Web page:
These charges are referred to as the “first independent verification of complaints made more than a year ago to board members and to the staff at St. Joseph.” The first public awareness of ‘complaints against Midei’ did not occur until St. Joseph Medical Center sent letters to patients around mid-December, 2009. As you will learn later in this blog, the first complaint to the Board of Medicine was made ostensibly by a whistle-blower employee of the hospital in November 2008. What in the world took the hospital thirteen months to investigate? The agreement reached with the federal government on the Medicare fraud investigation is reported to have happened in July 2009 5 months before the letters were sent. Midei is reported to have been terminated by St. Joseph Medical Center in the summer of 2009. How long does it take to write a letter to patients and their doctors?! I guess they had to meet with their lawyers for 5 t0 13 months to ‘get it right.’

The ‘typical’ letter, written by the Head of the Department of Medicine, Daniel Hardesty, M.D.,  reads in pertinent part:

I am writing to let you know that a subsequent review [i.e. after the sent had been placed months before] of your cardiac catheterization report was different than the original reports and may be relevant to your ongoing care and treatment.

What is perhaps even more telling is the letter written by Dr. Hardesty to the treating physician for the patients who received unnecessary stents. In relevant part, they read:

You are identified as the referring cardiologist. A subsequent clinical review of this patient’s catheterization report and images were at variance with the previously reported findings. In the opinion of the reviewer, the amount of stenosis in the [coronary artery stented] was insignificant. (emphasis added). Please refer to the Clinical Guidelines attached.

Somewhat fascinating is the fact that from all currently available information it is believed that the determinations made of these 585 patients who received the letters were made by a panel of reviewers, not one reviewer, and that the panel had to agree unanimously that the stents placed by Midei were “unnecessary.” Discovery in the class action lawsuit we are involved in against St. Joseph Medical Center will let us all know just how many were involved in this process of ‘review.’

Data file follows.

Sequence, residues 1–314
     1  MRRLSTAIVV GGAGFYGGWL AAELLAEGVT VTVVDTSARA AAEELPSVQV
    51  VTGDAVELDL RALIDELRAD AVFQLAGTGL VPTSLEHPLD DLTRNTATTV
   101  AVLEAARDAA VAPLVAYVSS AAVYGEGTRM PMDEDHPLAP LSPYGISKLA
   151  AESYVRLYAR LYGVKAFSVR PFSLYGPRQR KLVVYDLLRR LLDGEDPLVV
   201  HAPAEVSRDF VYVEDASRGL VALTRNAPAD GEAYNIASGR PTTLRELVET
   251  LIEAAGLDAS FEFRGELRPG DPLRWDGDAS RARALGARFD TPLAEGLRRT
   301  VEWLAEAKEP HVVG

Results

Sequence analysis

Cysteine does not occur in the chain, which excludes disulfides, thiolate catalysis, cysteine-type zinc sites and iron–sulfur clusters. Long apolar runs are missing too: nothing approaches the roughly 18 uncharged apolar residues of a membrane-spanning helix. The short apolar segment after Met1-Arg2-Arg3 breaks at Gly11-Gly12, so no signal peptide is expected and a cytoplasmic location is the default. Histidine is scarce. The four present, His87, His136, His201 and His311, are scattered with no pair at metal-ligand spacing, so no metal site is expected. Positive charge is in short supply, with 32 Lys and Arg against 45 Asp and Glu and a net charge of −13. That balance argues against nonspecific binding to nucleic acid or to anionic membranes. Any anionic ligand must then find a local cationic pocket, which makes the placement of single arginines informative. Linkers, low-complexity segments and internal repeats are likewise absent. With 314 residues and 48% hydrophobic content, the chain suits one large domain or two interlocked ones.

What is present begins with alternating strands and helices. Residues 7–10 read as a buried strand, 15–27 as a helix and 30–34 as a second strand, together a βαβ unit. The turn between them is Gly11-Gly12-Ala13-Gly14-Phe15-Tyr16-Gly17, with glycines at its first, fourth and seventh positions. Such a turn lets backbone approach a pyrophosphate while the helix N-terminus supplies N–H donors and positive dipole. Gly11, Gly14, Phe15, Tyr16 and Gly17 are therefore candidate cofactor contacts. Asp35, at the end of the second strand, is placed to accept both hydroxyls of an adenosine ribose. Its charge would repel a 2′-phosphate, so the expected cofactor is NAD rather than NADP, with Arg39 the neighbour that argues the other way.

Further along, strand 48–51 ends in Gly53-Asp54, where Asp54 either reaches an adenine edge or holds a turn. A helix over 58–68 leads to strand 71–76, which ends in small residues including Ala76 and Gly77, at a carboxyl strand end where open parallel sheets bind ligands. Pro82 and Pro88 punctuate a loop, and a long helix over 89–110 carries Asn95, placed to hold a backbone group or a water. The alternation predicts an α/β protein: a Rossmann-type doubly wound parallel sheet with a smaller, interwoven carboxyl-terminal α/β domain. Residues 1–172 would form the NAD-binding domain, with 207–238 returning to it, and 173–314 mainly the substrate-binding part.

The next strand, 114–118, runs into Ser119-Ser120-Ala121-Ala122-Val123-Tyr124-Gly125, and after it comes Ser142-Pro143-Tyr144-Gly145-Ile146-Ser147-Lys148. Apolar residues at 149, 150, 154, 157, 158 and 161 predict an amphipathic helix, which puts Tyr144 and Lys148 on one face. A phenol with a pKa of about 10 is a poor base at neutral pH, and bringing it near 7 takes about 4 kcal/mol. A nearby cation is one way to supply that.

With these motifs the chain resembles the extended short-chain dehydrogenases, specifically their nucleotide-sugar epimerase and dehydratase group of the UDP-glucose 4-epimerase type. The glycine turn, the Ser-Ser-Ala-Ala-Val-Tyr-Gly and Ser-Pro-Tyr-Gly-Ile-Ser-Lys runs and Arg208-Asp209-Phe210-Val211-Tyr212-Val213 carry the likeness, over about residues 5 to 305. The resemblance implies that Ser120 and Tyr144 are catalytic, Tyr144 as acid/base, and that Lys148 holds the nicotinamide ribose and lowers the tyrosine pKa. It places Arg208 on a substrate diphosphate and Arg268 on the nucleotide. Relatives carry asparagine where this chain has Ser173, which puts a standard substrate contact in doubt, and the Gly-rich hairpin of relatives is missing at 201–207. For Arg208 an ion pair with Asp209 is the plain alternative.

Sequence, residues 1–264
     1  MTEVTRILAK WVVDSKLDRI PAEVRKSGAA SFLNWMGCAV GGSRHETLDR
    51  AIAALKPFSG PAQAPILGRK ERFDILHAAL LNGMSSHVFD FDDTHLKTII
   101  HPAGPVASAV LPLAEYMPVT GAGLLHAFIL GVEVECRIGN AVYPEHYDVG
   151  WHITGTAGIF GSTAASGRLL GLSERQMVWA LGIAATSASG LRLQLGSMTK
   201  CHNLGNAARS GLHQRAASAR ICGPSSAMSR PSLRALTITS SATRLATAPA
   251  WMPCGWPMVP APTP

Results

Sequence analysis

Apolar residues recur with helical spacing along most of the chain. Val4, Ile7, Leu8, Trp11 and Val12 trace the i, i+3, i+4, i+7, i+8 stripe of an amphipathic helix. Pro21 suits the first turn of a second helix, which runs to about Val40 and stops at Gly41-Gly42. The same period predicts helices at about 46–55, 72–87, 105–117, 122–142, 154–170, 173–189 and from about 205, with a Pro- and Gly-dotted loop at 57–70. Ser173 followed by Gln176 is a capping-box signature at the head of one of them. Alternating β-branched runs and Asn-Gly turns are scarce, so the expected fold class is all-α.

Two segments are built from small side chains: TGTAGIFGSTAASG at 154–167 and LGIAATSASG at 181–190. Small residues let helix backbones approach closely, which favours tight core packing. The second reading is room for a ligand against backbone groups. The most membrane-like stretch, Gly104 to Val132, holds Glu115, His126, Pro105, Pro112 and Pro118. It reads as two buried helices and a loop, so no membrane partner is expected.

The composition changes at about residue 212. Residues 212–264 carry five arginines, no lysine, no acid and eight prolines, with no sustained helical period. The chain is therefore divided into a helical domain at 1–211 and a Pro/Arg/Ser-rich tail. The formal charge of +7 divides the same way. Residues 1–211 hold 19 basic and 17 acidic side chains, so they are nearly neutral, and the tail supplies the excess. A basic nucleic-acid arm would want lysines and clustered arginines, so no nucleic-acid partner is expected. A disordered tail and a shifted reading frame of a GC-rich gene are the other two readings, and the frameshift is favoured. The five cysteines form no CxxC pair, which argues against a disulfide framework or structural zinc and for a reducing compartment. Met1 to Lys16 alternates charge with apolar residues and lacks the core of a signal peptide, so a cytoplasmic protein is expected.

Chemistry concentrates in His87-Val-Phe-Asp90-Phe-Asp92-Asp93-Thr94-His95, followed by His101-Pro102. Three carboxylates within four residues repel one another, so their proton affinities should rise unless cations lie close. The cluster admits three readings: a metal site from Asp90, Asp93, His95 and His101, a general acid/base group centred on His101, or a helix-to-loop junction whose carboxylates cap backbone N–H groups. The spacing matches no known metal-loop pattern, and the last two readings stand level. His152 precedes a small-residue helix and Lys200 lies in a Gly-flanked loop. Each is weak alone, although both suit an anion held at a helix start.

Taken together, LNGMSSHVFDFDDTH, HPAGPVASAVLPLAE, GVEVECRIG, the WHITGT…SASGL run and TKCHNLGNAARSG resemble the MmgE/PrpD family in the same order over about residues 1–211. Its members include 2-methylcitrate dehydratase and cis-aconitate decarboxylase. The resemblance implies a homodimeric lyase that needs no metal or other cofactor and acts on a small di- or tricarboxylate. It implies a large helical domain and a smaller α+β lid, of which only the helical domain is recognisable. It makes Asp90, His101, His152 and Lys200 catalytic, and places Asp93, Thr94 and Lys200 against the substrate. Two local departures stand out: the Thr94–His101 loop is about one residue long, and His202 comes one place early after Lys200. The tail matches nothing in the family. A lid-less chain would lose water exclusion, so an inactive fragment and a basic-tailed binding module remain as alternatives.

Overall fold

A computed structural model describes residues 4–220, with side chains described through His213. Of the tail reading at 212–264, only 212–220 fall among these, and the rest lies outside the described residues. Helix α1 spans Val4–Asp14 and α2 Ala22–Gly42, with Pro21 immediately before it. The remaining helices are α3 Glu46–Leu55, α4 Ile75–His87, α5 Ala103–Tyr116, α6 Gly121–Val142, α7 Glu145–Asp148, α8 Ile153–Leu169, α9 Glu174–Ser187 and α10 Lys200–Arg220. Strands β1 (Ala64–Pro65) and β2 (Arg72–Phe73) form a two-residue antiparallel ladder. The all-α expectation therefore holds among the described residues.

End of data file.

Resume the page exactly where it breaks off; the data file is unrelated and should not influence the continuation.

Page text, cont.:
In a follow-up blog a few hours ago by the Sun’s financial columnist, Jay Hancock, we get the following information from the charging document:

– The board received its initial complaint about Midei in November 2008. An anonymous person describing him/herself as a St. Joseph employee detailed 36 cases in which stents had supposedly been improperly placed. The board received another, similar complaint in April 2009. But it didn’t launch the investigation until it was notified on July 19, 2009, that St. Joseph had revoked Midei’s privileges.

– The board charging document includes the first bits of explanation from Midei to be made public. To wit:

Midei explained the discrepancy by saying he routinely used certain percentages — 70, 80, 90 — as shorthand to signify mild, moderate or significant blockage, the document claims. But he conceded, after reviewing his cases, that there was “significantly lower percentages of stenosis than he had initially dictated at the time of the procedure.”Midei also told hospital staff that he considered other clinical symptoms aside from test results when determining whether to place a stent, according to the charging document. (emphasis added)

Wonder which defense lawyer dreamed-up the ‘shorthand’ defense? Why did I know we were also going to hear about how he used his clinical judgment to justify his conduct of putting in totally unnecessary stents. I suspect many of you don’t do medical malpractice litigation, but the legal equivalent to “the dog did it” is “I used my clinical judgment” to justify what I did.

To bring today’s news full circle, be aware that apparently the Maryland Board of Physicians was notified thirteen (13) months before the letters went to patients. Jay Hancock’s blog posting tell us the following:

– The board received its initial complaint about Midei in November 2008. An anonymous person describing him/herself as a St. Joseph employee detailed 36 cases in which stents had supposedly been improperly placed. The board received another, similar complaint in April 2009. But it didn’t launch the investigation until it was notified on July 19, 2009, that St. Joseph had revoked Midei’s privileges.

I ask again – what took so long?! How many patients were subjected to unnecessary stents by Midei while the Board was “investigating.”  How long does it take to look at a medical record that says the heart’s blood vessel was stenosed (narrowed) 90% and look at a film study and see that it’s not even 20%? Did you know that the Board of Medicine can take emergency action against a physician who poses a risk of harm to the public?

As we continue to say – if you have any questions or need additional information, please contact: The Murphy Firm’s Lisa Bennett, 410-951-8811 or 410-940-8590 Lisa.Bennett@murphypa.com